The Grid Algorithm that Might Black Out Entire Countries
Euphemia '2.0' will save Europe €100 million per year, but at the cost of one enormous glitch.
Image: Dan Nguyen/Flickr
The Pan-European Hybrid Electricity Market Integration Algorithm, or Euphemia, is the supposed unification of Europe's power market. Different nations offer it their respective bids—for the buying or selling of some quantity of power—and the algorithm returns, first, a single unified network-wide price and, second, a determination of cross-border capacity—opening and closing the various European faucets as it sees fit.
The algorithm does this in a "day-ahead" manner, which is about what it sounds like; the vast majority of the power market is already sorted day-ahead vs. real-time. Part of the whole point of the Euphemia software is to make sure that no one country gets left in the dark, but also to generally optimize the network. According to French estimates, Euphemia stands to save Europe around €100 million per year.
The algorithm has a flaw, however, potentially a big one. This is according to energy regulators in Belgium, who have successfully pushed the launch date of the latest incarnation of Euphemia ("Euphemia 2.0") back by three weeks from April 1 to April 23. The problem: While promising to keep the lights on across Europe, it turns out that the grid management software might just have the inverse effect of triggering blackouts, possibly shutting out entire countries (Belgium, in particular).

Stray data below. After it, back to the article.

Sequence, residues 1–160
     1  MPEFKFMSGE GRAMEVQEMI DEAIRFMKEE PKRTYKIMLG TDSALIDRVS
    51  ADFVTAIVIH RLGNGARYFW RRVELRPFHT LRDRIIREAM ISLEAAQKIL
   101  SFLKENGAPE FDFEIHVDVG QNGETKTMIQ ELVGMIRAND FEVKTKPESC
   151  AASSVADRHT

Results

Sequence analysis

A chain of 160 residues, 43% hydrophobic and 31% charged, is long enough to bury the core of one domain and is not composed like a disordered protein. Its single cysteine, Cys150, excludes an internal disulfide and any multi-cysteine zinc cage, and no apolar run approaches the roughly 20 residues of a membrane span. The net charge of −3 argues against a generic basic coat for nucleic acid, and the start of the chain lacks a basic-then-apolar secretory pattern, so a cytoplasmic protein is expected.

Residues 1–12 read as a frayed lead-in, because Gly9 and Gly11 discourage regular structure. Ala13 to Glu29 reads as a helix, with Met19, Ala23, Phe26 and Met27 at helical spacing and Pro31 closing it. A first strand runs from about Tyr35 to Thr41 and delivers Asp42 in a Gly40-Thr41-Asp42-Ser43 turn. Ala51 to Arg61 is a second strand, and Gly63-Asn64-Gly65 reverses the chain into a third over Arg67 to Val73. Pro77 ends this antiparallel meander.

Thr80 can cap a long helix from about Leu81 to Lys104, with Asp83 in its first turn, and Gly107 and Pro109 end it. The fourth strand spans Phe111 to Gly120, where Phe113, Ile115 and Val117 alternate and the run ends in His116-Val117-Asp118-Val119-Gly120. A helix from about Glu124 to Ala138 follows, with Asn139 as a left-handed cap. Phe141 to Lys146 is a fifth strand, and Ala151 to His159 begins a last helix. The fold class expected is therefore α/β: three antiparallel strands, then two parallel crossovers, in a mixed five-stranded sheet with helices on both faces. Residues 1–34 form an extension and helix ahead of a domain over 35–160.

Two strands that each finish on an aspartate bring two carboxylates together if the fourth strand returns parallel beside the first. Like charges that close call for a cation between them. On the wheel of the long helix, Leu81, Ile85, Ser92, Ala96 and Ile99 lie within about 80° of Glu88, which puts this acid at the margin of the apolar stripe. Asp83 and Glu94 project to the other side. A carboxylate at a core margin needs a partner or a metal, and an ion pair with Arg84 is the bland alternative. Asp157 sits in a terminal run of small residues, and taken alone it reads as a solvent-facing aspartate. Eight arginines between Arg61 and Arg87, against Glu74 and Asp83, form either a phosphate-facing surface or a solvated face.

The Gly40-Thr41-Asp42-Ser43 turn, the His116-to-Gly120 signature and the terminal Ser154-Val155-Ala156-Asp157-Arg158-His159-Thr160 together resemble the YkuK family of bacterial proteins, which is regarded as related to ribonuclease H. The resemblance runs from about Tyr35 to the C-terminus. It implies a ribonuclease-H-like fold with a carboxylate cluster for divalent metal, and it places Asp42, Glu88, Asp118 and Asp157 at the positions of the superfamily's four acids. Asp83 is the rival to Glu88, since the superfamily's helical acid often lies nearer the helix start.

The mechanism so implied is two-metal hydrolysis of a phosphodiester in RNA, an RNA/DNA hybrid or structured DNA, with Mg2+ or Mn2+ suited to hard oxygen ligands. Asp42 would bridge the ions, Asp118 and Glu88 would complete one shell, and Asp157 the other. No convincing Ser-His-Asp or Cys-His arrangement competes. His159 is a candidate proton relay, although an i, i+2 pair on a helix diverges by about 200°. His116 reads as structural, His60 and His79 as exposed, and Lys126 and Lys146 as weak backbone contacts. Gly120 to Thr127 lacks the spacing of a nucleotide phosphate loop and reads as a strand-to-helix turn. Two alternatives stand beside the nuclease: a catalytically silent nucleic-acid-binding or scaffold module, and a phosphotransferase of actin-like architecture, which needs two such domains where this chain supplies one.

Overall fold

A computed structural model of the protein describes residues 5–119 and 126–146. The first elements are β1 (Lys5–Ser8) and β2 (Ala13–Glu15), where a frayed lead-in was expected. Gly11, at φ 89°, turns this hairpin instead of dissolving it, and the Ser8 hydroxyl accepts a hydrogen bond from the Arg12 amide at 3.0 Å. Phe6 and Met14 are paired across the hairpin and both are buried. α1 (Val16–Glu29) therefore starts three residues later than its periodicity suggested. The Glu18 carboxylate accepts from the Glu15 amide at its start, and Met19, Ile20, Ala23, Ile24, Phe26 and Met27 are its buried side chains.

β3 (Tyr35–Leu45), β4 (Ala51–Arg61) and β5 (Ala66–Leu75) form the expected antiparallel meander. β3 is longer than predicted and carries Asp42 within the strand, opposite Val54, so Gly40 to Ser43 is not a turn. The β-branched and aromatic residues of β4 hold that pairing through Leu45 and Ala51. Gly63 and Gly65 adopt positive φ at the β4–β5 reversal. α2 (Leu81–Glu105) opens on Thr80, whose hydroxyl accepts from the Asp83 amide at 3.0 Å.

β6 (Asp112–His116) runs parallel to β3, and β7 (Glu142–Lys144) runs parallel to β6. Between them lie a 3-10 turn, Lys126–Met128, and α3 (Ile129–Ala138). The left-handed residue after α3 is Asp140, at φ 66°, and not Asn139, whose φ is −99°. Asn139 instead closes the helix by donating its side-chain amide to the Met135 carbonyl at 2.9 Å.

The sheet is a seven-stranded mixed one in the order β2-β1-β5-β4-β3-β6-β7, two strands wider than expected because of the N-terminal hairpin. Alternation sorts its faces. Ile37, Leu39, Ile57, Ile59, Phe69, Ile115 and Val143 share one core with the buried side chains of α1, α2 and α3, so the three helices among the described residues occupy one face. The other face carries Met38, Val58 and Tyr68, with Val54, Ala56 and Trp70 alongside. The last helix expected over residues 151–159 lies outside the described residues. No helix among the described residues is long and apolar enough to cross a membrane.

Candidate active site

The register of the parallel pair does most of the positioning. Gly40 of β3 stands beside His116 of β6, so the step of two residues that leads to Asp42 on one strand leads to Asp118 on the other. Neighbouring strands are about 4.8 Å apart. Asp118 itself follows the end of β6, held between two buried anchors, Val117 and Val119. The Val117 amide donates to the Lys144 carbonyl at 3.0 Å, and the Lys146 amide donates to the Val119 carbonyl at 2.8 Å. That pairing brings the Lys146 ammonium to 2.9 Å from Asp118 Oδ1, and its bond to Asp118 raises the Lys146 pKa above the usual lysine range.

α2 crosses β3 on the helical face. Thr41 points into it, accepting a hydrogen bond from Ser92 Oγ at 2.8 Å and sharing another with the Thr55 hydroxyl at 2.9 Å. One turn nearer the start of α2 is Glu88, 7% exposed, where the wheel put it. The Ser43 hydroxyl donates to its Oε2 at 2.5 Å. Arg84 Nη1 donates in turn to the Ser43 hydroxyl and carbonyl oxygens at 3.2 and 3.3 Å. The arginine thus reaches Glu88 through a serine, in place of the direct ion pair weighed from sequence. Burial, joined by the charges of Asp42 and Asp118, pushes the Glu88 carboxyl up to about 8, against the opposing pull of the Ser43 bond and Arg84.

This has to do with some unexpected behavior known as "non-intuitive trading," in which, for example, a country with extremely high energy prices (low supply) is approved to export power or vice versa, where a country with tons of supply suddenly becomes an importer. This is a side effect of grid optimization, and the results could be rather dire, particularly if you happen to be, yes, Belgium, a country that has recently seen its own power production capabilities crash as the result of a series of nuclear plant shutdowns. Suddenly, it stands to be a huge electricity importer.
The promise of the grid algorithm, according to the IEEE's Peter Fairley, is generally a more self-aware network. Historically, energy regulators representing individual countries would make their own determinations of cross-border capacity based on a "best guess." Whereas, Euphemia 2.0 offers a much larger picture, allowing for less conservative (more precise) estimates of cross-border capacity and ultimately more power on the market as a whole. Less electricity hoarding, basically.
At the moment, Belgium is surviving with help from a mild winter, but, to put the situation in perspective, regulators there are offering a dedicated blackout warning app and website. With diminished reserves, the country would have seen 25 days of blackouts (so far, in mid-February) given a winter on par with 2010/2011. Brutal.